|System: PS3, Xbox 360, PC, Wii U*|
|Dev: Junction Point Studios|
|Pub: Disney Interactive Studios|
|Release: November 18, 2012|
|Screen Resolution: 480p-1080p||Cartoon Violence|
Technically, the graphics are quite well-done on the Wii U, as well. Having seen the Xbox 360 version in action, I'd argue that the Wii U's graphics are a shade better, especially when it comes to lighting and character depth. I'll note that there are reports of people encountering major frame rate issues in the Wii U version of the game, but I didn't experience them during my playthrough, so I'm not sure what causes them to crop up.
The musical design in the game is as fabulous as the graphic design, and the player is often given the chance to affect the soundtrack or just generally play around with musical devices during the game. The composers have definitely nailed the Disney feeling in the game's music.
The voice acting, on the other hand, is a mixed bag that ranges from tolerable to execrable. Mickey and Oswald sound about how one would expect them to sound (yes, despite the fact that this is the first time Oswald has ever been voiced), but many of the side characters rely on funny accents for personality. This is particularly jarring when black and white 1930s cartoon characters start busting out with 1980's surfer-dude slang or sport “ethnic” accents that sound downright insulting. There's also a problem with tutorial phrases, especially from your guide-gremlin Gus, which repeat on an endless loop even if you're trying to explore or solve an unrelated puzzle during the main storyline.
Even after playing Epic Mickey 2 for many hours, I'm not entirely sure what I think about it. On one hand, I enjoyed exploring the game's world quite a bit, but on the other, I often found myself bored or frustrated with the actual gameplay. The worst moments are those involving inexcusable game design decisions, like multiple doors that take up to a full minute to open after being triggered, leaving the player confused as the door sits there and rumbles but refuses to open for a good long time. The best moments are those that involve simply experiencing the lovely world that Junction Point has put together, from playing around in the musically-themed 2D platforming sequences to discovering a delightful piece of Disney nostalgia in an out-of-the-way corner.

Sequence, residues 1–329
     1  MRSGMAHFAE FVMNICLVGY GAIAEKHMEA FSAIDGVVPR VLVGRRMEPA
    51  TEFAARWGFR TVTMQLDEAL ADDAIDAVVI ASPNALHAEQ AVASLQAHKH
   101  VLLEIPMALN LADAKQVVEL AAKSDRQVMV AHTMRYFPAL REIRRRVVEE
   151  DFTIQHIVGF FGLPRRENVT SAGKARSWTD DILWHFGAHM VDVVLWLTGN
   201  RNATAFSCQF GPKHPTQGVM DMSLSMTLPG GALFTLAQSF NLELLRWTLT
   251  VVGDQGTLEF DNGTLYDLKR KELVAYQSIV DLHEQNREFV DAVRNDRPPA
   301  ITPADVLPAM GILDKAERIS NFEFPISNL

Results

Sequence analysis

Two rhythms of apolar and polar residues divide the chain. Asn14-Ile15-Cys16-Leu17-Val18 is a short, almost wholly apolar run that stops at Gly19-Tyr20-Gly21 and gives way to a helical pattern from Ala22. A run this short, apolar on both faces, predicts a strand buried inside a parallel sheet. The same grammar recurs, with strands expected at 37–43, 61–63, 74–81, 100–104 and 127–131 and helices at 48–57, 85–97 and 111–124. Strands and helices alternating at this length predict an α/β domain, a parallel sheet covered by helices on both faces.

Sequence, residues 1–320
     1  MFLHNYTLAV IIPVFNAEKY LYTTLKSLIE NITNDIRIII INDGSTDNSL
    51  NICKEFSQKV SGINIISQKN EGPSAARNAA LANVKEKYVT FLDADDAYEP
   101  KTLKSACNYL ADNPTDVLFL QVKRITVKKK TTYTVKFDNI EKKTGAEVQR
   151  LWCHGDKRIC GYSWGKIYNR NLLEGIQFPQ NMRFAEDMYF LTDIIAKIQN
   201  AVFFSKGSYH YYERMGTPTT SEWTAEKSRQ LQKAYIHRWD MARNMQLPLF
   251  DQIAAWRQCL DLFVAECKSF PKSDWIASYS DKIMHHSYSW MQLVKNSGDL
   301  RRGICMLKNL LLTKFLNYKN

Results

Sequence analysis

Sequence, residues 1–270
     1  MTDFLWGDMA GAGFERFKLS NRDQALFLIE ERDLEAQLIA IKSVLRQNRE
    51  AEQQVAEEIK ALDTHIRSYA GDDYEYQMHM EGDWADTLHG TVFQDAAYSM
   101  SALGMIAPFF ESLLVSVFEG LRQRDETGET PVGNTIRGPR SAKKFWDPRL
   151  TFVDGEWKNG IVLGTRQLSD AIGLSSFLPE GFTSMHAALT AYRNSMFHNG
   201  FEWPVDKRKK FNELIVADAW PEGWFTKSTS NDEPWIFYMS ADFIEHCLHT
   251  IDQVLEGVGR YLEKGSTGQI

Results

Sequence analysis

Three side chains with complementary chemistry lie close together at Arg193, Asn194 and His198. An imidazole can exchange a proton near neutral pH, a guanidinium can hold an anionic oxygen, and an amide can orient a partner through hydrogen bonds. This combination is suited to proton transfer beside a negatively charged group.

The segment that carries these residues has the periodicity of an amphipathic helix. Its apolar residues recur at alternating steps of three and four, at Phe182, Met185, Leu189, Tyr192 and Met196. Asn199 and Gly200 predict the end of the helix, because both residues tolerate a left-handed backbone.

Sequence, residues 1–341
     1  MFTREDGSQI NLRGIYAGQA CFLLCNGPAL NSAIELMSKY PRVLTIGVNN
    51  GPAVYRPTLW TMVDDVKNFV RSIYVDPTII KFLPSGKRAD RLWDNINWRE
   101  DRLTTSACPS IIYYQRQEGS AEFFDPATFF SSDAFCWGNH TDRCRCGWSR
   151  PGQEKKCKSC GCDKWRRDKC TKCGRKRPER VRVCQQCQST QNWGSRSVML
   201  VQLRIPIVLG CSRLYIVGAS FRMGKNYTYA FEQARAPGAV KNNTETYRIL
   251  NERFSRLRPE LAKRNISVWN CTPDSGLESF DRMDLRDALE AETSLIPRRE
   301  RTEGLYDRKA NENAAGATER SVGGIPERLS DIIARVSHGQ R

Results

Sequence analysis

My final judgment on Epic Mickey 2 is going to have to call it a thoroughly average experience overall. If only the main story and gameplay could begin to keep up with the wondrous vision that the game's world-builders came up with, Epic Mickey 2 could have been a fantastic game. Sadly, instead it's a journey of discovery that is bogged down by mediocre gameplay, bad A.I., and occasional bugs. It's a game that requires quite a bit of patience to enjoy, and I honestly can't blame anybody who finds that patience to be in short supply.
Date: November 26, 2012